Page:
CLT's Year in Review
By Jeremy Tate
A Look Back at 2020
In September 2020, CLT launched its official podcast, Anchored. It has been a wonderful opportunity to discuss crucial topics in education and culture with thought-provoking guests. We’re excited to have reached a global audience and have entered the top 5% of podcasts! More great conversations are in store for 2021. Below are the top five episodes (based on downloads) for 2020:
Influential scholar and Princeton University professor Robert P. George discussed the consequences of society’s abandonment of liberal arts education, the deeper streams of thought that informed the American Founding and what that means for building unity, and the texts that informed his enduring friendship with philosopher Cornel West.
2. Daniel Buck
Teacher and author Daniel Buck discussed the conversations that were facilitated when he began publicly addressing the “echo chamber” of education, and how this led to the founding of The Chalkboard Review, an online journal of educational commentary that features a diverse range of voices on all things education.
Howard University Classics professor and the Living Water School founder Anika Prather detailed her time at St. John’s College and how that experience led her to shift her educational research focus to the history of classical education within the African-American community. She also described the academic pushback which followed that decision and recounts the inspiration she gained from such seminal minds as W.E.B. Du Bois and Frederick Douglass.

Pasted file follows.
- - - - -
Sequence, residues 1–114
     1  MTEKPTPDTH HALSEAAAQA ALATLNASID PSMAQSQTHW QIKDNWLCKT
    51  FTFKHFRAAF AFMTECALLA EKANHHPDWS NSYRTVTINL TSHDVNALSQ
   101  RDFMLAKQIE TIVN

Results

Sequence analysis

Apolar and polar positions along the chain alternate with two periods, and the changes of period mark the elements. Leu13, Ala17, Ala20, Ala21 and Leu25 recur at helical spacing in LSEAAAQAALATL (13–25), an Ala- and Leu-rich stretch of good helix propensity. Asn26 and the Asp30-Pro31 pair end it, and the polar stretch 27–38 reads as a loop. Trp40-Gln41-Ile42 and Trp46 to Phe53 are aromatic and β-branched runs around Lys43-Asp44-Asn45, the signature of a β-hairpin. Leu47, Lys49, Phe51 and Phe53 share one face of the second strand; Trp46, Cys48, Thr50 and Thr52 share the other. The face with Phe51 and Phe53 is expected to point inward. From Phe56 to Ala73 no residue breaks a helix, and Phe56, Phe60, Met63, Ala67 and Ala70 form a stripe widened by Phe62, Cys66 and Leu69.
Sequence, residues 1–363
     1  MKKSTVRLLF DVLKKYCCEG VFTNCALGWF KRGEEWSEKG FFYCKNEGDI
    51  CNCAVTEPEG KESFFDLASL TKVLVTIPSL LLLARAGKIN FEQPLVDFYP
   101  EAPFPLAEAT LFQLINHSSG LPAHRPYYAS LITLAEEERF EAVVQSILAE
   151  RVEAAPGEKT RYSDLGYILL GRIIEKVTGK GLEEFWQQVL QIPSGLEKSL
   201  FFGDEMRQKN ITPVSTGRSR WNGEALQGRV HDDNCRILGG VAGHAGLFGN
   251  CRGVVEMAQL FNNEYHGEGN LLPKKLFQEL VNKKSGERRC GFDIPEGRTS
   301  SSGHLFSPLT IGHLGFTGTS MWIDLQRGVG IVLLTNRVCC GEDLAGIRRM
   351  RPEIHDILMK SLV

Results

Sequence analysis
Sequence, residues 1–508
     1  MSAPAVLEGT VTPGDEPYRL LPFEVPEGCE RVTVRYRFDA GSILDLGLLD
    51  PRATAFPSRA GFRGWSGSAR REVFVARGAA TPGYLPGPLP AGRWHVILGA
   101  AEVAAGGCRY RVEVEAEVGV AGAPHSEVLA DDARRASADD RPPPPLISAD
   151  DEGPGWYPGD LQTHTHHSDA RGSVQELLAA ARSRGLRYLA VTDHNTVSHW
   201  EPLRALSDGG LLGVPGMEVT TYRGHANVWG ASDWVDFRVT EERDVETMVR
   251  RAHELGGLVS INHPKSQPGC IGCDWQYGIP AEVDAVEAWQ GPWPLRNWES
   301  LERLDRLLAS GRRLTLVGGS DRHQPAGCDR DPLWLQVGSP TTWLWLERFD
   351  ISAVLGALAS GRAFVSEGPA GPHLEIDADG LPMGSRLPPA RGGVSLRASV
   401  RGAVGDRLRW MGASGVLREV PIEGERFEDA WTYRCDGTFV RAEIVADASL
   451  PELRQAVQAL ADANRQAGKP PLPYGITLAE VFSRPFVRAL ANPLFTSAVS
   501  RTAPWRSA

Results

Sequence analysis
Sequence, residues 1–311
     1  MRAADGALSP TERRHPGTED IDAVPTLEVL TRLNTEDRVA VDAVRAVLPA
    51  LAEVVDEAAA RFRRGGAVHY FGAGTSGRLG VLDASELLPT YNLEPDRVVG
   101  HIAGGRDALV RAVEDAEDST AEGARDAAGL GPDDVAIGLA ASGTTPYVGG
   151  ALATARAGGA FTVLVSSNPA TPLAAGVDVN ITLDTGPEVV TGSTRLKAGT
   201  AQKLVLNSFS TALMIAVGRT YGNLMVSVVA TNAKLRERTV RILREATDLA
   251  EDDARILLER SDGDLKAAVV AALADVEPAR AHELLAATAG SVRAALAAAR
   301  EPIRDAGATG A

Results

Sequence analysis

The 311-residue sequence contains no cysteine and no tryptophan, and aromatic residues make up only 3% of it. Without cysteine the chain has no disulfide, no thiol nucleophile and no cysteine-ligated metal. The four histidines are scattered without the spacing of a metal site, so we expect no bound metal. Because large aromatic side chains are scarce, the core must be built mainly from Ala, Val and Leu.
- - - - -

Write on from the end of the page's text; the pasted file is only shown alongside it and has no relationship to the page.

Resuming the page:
4. Louis Markos
An authority on C. S. Lewis and a professor in English at Houston Baptist University, Louis Markos discussed his new book The Myth Made Fact: Reading Greek and Roman Mythology through Christian Eyes. He also discussed the manner in which a famous conversation between J.R.R. Tolkien and C.S. Lewis inspired him to write a book which seeks to connect the wisdom of Greco-Roman mythology to Christian faith.
Anthony Bradley, professor of religious studies and director of the Center for the Study of Human Flourishing at The King’s College NYC, discussed the problem with overcriminalization and why criminal justice reforms have often proven difficult—he discussed the ways in which civic institutions can avert people’s continued entry into the criminal justice system while also reducing recidivism rates. He also illustrated his research on fatherhood and academics.
We’re also excited to present the top 10 colleges and universities to which CLT-takers send their scores. These institutions represent a dedication to formation and academic excellence:
Also, the following blogposts from the CLT Journal were the most visited and most shared for 2020:
We at CLT want to thank you and wish you a Happy New Year!